The most recent installment of The Times, generally excellent Paying Till It Hurts series looking at medical costs sparked the ire of diabetes patients, who sent the Twitter hashtag #NotJustAGadget trending. They felt the article, on pricey diabetes treatments like cutting-edge pumps, cast them as spendthrift rubes duped by evil drug and device makers into paying way too much for nice-to-have but unneeded products (with insurers and taxpayers footing most of the bill). The Times, public editor acknowledged these concerns broadly and conceded that the headline was questionably-worded, but highlighted the key role that several industry-backed patient-advocacy groups have played in heating up the protests. Grey Lady burn!

The high cost of treatment is certainly a legitimate topic, and the piece is actually pretty well balanced, but you could come away from it feeling that patients are getting fleeced especially if you missed the piece the Times ran a few days later about how the rate of complications from diabetes plummeted in the U.S. from 1990 to 2010. Experts quoted in the article credit better education and awareness, coordinated care and a push to treat high blood pressure and cholesterol in diabetes patients as well as better blood sugar control. It's hard to imagine, though, that those pricey gadgets and insulins haven't played a role too.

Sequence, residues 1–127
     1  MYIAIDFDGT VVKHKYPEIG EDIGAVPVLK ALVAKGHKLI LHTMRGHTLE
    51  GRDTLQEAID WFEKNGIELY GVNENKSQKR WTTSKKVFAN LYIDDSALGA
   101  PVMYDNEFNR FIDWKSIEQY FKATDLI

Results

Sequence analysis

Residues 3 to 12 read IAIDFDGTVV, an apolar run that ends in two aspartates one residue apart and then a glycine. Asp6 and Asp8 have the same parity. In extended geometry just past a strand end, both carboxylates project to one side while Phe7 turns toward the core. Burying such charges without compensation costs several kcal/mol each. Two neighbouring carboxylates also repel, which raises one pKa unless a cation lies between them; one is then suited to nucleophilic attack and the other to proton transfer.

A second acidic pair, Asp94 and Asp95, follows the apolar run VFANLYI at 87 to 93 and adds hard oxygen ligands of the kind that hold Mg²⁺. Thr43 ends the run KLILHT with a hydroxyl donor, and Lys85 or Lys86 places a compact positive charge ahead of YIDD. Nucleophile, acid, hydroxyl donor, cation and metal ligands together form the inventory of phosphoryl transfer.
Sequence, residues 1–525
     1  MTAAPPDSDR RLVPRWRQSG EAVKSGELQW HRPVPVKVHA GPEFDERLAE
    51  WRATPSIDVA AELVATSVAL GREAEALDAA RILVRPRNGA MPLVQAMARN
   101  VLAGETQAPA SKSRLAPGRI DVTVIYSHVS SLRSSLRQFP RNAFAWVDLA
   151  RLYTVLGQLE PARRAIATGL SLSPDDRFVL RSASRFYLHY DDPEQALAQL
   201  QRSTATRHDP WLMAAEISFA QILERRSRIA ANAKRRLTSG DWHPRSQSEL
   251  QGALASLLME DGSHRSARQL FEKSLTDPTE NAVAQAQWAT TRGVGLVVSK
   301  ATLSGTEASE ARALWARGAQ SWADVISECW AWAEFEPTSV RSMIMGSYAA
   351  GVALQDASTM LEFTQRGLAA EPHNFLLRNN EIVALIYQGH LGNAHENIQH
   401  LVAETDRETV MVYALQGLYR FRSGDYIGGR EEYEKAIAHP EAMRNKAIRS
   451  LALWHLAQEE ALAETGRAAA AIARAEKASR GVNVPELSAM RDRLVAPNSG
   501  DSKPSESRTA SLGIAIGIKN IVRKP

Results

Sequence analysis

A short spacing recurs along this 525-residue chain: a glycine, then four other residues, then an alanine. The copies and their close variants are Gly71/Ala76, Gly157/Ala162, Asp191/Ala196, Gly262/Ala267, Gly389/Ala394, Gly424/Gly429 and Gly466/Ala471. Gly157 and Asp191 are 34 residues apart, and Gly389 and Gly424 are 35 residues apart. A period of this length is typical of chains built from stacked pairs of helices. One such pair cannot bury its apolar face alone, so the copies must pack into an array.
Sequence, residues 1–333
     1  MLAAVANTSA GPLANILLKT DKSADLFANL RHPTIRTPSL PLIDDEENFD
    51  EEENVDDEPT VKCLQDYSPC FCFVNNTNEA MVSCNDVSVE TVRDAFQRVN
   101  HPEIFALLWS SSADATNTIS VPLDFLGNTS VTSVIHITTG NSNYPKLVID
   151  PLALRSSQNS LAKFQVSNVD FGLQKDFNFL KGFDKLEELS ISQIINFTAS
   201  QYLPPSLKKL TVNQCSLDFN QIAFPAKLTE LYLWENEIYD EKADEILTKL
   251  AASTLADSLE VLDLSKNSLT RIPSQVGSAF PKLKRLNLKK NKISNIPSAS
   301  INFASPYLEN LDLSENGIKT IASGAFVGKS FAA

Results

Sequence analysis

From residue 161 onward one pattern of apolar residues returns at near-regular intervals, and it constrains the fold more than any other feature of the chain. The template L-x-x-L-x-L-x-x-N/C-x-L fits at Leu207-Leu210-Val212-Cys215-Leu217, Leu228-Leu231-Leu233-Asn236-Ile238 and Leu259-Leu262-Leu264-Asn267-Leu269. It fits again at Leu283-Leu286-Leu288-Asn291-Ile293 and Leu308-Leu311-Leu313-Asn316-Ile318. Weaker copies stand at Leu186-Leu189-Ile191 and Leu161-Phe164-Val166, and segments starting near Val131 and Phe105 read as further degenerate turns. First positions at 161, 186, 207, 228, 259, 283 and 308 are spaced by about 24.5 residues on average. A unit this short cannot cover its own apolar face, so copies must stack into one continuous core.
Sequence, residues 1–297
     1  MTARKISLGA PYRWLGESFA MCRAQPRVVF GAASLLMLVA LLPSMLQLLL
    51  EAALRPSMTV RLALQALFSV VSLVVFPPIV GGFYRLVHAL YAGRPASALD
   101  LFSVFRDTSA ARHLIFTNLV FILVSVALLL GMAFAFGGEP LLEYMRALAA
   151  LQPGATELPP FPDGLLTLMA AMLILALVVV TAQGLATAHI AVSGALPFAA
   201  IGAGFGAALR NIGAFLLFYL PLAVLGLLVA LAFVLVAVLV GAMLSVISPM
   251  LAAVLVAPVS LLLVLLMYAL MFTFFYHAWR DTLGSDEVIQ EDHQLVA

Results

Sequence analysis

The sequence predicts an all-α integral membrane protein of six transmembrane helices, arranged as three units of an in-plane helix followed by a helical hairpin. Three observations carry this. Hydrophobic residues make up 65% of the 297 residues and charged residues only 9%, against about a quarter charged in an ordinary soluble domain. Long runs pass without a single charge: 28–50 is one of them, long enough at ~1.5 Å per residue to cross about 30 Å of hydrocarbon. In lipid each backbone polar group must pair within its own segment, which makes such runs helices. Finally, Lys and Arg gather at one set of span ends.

Catherine Price, a journalist who has type 1 diabetes, has posted a letter taking issue with a number of assertions and omissions in the article. She suggests the paper follow the FDA's lead and convene a patient advisory board to review pieces like the one that inspired #NotJustAGadget. I can imagine that no editor wants to add to their to do list the task of convening a group of patients to poke around in a big piece they're trying to get out the door, but it's not a bad idea.

It's also a reminder that these questions around medical costs are seldom uncomplicated, and that cost/benefit assessments lacking the patient voice never quite add up.

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